Posted by Editor on 07/12/99
Canada Cup Cross Country #4 - Canmore Alberta, July 11, 1999
by Greg Flaaten
Quote of the weekend: "They weren't nakedÃ¢Ë†â€˜they were wearing shoes!" Unidentified RCMP Officer at the Canada Cup #4 Nude Crit.
Last week at the World Cup race in Canmore, Alberta, the ski wax thermometer at the Canmore Nordic Centre Day Lodge recommended a soft red ski wax. This weekend it pointed to SPF 30 sunscreen as clear skies and near perfect conditions greeted riders and spectators for the Canada Cup #4 Cross Country event hosted by Calgary's The Bike Shop.
In the men's field, all of Canada's top riders turned out to race on the challenging 9km Canmore Canada Cup course. The day opened with 1.5 kilometers of steep and technical climbing led by the Quebec trio of George Visser (QC Xenacom), Eric Tourville (QC Oryx), and Louis-Francois Guimont (QC Trek/Volkswagon). Behind them was the current Who's Who of men's Canadian mountain bike racing including, in order, Roland Green (BC GT Bicycles), Andreas Hestler (BC RLX Polo Sport), Ryder Hesjedal (BC Gary Fisher/Saab), Peter Wedge (NB Mapei/Kona), Julian Hine (ON Schwinn/Toyota), Chris Sheppard (BC Catera/Klein DKNY Festina) and Chad Miles (BC OGC Gary Fisher).
It didn't take long for veterans Green, Sheppard, Wedge and Hestler, along with the speedy Hesjedal, to overtake the early leaders and establish dominance on the field. Half way into the second lap, Green and Sheppard were positioned comfortably in front with Wedge only 10 seconds behind. Hestler and Hesjedal trailed 55 seconds back on Wedge and the bulk of this year's Canada Cup contenders, George Visser, Mathieu Toulouse (QC Ford/Devinci), Chris Blanchard (AB Tatonka) and Eric Tourville jostled for position well behind the leaders with Australian Craig Gordon (Sintesi) to round out the top ten.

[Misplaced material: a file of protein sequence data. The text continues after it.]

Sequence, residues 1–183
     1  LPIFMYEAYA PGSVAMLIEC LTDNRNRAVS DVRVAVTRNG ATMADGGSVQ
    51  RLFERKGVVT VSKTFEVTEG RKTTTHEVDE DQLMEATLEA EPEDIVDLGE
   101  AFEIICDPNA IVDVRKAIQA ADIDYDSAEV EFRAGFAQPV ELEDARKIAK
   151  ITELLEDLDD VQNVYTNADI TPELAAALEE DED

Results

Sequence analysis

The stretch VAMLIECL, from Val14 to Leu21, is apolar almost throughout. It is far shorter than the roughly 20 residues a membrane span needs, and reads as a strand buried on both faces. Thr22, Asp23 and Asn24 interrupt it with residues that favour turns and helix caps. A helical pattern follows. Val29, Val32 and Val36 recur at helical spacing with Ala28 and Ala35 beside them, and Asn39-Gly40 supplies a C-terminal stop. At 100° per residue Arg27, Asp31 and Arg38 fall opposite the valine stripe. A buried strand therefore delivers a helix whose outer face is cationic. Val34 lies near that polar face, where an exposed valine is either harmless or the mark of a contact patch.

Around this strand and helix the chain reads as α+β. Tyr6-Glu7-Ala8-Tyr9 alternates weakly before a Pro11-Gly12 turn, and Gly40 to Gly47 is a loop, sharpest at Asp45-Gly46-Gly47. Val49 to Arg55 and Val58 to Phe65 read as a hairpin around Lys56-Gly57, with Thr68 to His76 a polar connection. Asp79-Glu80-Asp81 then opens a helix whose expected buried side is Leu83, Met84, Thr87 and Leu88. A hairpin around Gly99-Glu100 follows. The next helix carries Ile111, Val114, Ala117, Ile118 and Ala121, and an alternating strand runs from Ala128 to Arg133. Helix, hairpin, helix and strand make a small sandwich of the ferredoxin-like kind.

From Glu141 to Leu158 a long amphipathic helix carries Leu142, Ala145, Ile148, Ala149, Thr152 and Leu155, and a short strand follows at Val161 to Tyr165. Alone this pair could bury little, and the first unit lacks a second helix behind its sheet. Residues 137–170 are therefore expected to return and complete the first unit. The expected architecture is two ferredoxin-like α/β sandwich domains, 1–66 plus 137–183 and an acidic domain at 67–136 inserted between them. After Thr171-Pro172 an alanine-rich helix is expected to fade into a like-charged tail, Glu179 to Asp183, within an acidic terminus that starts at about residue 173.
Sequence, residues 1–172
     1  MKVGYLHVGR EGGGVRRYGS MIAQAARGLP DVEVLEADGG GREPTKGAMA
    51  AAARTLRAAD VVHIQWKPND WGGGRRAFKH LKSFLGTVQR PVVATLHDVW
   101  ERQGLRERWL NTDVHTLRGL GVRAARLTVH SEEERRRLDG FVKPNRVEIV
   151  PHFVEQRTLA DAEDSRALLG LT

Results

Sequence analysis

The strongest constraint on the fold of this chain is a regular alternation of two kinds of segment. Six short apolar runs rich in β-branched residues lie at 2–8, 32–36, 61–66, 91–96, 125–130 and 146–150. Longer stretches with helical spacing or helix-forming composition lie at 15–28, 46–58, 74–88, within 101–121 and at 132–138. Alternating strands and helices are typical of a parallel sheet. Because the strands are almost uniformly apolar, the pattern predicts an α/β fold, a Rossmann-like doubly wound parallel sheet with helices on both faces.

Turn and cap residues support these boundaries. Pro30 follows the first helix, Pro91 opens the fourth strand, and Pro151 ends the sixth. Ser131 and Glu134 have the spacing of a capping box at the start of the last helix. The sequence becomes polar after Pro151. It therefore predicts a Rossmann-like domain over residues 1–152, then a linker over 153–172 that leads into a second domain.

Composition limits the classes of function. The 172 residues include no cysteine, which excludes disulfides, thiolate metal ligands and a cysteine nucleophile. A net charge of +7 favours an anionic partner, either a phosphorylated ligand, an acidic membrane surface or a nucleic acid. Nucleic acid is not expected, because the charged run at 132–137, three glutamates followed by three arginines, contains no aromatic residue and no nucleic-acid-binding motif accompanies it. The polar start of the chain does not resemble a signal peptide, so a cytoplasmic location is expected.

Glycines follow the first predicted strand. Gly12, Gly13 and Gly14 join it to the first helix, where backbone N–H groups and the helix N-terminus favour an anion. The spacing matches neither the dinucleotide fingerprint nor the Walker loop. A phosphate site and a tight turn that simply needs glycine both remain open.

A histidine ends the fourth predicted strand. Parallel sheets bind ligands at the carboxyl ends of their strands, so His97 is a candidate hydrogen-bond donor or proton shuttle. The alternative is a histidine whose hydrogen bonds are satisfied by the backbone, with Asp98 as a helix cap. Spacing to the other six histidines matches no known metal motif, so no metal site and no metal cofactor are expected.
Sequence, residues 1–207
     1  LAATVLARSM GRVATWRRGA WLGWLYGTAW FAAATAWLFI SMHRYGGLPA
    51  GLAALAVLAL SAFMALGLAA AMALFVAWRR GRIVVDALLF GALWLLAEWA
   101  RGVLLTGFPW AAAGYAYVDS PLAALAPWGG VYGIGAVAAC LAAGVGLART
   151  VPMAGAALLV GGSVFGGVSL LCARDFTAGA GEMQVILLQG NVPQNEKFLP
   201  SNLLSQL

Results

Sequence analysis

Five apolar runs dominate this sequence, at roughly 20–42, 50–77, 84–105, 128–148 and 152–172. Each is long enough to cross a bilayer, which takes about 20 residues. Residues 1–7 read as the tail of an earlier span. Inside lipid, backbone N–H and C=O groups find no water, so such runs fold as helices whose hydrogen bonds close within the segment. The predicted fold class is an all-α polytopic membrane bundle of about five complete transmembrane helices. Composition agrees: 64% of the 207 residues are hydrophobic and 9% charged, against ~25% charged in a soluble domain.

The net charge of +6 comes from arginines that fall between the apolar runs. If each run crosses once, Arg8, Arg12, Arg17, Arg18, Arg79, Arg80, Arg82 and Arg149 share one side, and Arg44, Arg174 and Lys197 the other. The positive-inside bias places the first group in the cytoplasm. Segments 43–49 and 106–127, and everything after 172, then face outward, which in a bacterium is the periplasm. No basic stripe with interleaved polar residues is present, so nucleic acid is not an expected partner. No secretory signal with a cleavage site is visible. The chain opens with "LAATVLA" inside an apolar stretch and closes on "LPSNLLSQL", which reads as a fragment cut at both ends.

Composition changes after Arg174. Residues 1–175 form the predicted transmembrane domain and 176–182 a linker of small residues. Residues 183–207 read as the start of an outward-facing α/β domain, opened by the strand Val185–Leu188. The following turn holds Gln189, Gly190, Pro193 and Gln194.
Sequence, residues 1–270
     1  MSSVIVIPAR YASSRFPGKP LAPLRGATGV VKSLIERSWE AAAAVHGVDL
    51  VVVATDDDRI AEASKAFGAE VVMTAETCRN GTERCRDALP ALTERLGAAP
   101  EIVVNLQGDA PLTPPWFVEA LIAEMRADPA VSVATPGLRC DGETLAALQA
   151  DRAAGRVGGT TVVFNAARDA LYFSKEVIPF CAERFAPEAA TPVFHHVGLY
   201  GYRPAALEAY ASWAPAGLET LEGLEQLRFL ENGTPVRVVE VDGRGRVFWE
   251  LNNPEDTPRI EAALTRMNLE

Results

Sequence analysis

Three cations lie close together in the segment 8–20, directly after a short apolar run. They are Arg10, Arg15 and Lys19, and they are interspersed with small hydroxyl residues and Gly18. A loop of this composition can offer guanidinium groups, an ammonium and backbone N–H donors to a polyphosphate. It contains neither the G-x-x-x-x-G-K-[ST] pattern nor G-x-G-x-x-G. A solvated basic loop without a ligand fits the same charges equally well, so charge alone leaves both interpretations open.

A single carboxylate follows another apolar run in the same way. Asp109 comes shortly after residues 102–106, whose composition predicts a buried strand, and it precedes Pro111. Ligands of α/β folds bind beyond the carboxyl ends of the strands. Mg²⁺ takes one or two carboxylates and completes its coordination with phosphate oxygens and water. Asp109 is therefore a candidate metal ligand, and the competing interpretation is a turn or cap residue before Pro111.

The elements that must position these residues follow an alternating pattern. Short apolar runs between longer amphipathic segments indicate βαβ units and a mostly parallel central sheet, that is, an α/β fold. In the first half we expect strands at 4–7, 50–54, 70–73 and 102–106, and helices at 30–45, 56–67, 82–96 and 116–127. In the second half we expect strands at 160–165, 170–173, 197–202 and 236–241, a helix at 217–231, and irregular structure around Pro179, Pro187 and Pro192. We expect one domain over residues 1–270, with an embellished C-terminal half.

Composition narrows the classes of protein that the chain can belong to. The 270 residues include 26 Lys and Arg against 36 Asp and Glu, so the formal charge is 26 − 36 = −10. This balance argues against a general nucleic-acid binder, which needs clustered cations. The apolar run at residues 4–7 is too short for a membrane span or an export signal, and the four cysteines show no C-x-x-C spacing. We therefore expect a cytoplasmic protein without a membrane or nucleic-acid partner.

Into the third of five laps, Green and Sheppard continued to dominate the race as they worked together 35 seconds ahead of Wedge. Hestler, who was on the move, was forced to withdraw in the second lap after folding a wheel in a lower technical section known as the Coal Chutes which left Hesjdal riding solo about a half minute down on Wedge and two and a half minutes ahead of Visser, Gordon and Tourville.
"We were working together well," noted Green of his cruise with Sheppard, until the fourth lap when a turn of bad luck for Green saw him go down in the Coal Chutes. "A little mistake" turned into a whole lot of trouble when Green remounted and discovered that his drivetrain "was not working so well."
"I gapped Roland going into the Chutes on the fourth lap," explained Sheppard. When he heard Green go down behind him, he "punched into the Georgtown Climb," a long and grueling climb that takes riders back up toward the Canmore stadium. By the time Green regained his momentum, Sheppard had established a gap going into the last lap that could not be overcome. Nearly a lap later, Green was down a minute and 15 seconds and would finish one minute, six seconds behind Sheppard who stayed on the gas for the rest of the race and seems to have benefited from a week of training in Kamloops.